TOP #5| MAIN SECTION

PENNY GORING | CAMPOLI PRESTI

Penny Goring Campoli Presti Art Super Artissima

Penny Goring, Disemboweled Doll, Courtesy of the artist, Campoli Presti, London / Paris and Arcadia Missa

Born in New Cross in London in the early 60’s, London-based artist and poet Penny Goring spent a number of years at various art schools, eventually graduating in 1994 with a First Class (Hons) Degree in Fine Art and Commendation for her dissertation on the artist Louise Bourgeois. In the same way that Louise Bourgeois used a variety of methods to release the emotional turmoil from the course of her life, Penny creates with words and whichever cheap and domestic materials she has on hand – salt dough instead of clay, food dye instead of ink, ballpoint pens and felt tips instead of pencils and paint, open office instead of word and ms paint instead of photoshop. Over the past 50 years, her unconventional use of shapes, colours and fabrics has evolved so that today, they distinctly form the visual language of Penny’s inimitable world.

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ARTHUR JAFA | GAVIN BROWN ENTERPRISE

Arthur Jafa La Scala Gavin Brown Enterprise Art Super Artissima

Arthur Jafa, La Scala, 2018. Courtesy the artist and Gavin Brown’s enterprise, New York/Rome

Arthur Jafa is an African American video artist and cinematographer. As a child he  assembled binders full of found images in collections he called the books which informed his artistic practice as an adult. Arthur studied film and architecture at Howard University before moving to Atlanta, Georgia. His first solo exhibition at Gavin Brown Enterprise took place in 2016. He was selected for the 2016 “Made in L.A.” Biennial at the Hammer Museum, and in 2015, he presented “APEX redacted”, a public video installation for Flux Night in Atlanta. His work was included in Kara Walker’s exhibition “Ruffneck Constructivists” at the ICA Philadelphia and he has shown at the Whitney Museum of American Art, New York (2001); Media City, Seoul (2000); Black Box, CCAC Institute, Oakland (2000); and Artists Space, New York (1999).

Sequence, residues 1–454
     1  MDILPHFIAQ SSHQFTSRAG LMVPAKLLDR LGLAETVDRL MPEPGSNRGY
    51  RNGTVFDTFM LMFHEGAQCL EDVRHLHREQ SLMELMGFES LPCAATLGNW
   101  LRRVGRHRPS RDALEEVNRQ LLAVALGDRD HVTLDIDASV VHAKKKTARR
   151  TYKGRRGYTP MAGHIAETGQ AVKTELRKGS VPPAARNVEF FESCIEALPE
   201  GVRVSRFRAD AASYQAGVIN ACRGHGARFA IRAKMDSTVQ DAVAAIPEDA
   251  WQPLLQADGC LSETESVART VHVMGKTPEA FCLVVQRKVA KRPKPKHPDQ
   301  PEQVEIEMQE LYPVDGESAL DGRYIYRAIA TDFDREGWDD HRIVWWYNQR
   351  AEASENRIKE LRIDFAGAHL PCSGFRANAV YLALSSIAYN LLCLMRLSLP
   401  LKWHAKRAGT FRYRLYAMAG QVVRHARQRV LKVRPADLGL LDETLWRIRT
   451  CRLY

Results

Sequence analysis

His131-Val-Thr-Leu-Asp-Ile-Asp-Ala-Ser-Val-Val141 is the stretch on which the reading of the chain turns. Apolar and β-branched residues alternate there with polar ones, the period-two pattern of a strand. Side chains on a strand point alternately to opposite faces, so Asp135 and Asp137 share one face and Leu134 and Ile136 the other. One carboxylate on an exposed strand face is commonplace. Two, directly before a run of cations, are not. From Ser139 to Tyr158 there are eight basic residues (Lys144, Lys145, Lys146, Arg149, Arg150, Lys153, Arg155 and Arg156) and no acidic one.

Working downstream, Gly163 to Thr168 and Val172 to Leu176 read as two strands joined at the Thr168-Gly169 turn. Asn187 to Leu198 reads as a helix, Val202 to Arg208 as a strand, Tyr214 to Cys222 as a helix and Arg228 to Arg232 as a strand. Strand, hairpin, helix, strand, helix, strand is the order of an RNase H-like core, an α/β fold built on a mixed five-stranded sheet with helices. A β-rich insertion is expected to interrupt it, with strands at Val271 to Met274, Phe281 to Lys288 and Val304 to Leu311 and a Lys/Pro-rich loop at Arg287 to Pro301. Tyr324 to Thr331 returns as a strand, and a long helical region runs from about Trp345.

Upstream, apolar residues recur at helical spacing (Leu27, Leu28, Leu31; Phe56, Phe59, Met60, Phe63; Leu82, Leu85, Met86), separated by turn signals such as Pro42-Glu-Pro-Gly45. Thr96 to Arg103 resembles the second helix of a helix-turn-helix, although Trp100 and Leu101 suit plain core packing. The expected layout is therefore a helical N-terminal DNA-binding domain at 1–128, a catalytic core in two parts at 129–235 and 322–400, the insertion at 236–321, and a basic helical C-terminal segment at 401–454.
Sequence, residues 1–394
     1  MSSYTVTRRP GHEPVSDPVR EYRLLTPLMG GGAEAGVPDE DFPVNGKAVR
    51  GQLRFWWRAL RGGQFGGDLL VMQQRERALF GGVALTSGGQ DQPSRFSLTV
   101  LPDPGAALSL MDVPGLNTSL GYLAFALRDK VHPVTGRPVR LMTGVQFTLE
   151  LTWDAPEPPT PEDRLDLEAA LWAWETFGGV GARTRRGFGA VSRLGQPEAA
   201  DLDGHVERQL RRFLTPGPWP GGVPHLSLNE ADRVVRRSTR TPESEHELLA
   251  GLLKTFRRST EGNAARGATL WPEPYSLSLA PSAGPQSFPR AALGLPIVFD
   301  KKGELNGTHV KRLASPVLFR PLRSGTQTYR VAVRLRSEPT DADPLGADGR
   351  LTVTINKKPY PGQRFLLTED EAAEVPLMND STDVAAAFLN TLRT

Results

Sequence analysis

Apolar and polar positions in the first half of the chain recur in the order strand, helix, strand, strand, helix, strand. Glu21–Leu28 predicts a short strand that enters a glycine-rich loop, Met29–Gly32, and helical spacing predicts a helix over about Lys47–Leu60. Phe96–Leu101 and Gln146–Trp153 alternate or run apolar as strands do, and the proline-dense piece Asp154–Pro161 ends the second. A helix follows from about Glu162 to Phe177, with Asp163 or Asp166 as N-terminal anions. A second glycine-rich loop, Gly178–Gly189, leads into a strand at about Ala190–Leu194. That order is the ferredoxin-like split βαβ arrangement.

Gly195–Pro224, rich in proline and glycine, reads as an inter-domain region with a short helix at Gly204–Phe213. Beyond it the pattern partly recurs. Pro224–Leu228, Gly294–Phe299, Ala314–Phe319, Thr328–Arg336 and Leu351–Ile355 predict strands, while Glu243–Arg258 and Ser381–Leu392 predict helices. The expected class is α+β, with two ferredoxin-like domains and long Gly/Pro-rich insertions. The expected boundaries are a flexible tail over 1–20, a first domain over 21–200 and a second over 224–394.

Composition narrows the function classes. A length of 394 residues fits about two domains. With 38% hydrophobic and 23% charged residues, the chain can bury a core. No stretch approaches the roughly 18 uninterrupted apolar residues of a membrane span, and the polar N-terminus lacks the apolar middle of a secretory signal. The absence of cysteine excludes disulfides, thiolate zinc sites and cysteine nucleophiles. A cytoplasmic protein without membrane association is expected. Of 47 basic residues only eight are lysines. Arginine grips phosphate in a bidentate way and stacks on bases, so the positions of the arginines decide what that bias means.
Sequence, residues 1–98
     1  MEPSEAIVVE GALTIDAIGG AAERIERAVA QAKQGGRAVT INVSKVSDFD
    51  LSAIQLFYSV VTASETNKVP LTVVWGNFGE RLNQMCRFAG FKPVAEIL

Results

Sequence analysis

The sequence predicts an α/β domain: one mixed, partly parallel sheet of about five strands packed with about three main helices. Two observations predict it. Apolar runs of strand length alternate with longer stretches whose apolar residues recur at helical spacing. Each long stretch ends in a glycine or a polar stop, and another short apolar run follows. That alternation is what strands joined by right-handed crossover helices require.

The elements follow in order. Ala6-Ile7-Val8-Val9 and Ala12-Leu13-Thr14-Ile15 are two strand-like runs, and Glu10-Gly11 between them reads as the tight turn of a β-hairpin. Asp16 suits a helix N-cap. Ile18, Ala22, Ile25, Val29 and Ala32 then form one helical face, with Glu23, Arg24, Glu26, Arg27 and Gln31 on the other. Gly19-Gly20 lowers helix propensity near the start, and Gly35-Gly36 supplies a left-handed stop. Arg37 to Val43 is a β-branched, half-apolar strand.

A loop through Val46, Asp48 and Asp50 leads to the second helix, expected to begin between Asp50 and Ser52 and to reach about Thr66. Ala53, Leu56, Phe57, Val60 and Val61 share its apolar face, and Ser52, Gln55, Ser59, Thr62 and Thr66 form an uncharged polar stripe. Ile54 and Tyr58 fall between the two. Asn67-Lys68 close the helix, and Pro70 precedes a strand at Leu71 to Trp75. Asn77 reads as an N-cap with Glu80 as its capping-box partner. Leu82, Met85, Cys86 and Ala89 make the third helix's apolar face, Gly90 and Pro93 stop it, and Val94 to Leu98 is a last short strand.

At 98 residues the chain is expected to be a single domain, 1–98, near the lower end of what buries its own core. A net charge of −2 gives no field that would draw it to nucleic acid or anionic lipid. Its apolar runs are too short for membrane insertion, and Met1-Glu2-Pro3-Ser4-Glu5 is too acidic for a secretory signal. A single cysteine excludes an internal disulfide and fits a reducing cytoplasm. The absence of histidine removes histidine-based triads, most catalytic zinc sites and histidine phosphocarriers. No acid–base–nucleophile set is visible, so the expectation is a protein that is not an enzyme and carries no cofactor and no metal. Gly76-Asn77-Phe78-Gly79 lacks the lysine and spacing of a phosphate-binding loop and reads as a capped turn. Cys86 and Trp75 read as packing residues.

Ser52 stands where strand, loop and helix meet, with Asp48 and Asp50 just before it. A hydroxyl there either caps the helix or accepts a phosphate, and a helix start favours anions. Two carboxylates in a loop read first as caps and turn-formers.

Arthur Jafa has exhibited at the Hirshhorn, the Museum of Contemporary Art, Los Angeles, and the Julia Stoschek Collection, as well as many others. His role as a cinematographer with directors such as Julie Dash and Spike Lee has been notable, with his work on Daughters of the Dust (1991) winning the “Best Cinematography” Award at Sundance.

His seven-minute video essay Love Is the Message, The Message Is Death is in the collections of the Metropolitan Museum of Art, the Museum of Contemporary Art, Los Angeles, The San Francisco Museum of Modern Art, and the High Museum of Art. Set to Kanye West’s song “Ultralight Beam”, the work consists of a series of found images and video clips depicting a range of Black American experiences throughout history. Among many other clips exploring African American life and resiliency, the video essay juxtaposes recordings of police violence and footage from the Civil Rights Movement with clips of Black artistry, pop culture, celebration, and creativity.

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BERTILLE BAK | THE GALLERY APART

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Bertille Bak, Le Tour De Babel, 2019, The Gallery Aapart

Observing societies with an accurate analysis of a site, Bertille Bak delves into communities and the groups by becoming a member and examining their rituals, gestures, and objects, which she later uses in her projects. In collaboration with the individuals she meets, she constructs narratives between fiction and documentaries where poetry and utopias usurp the simple assessment of a situation.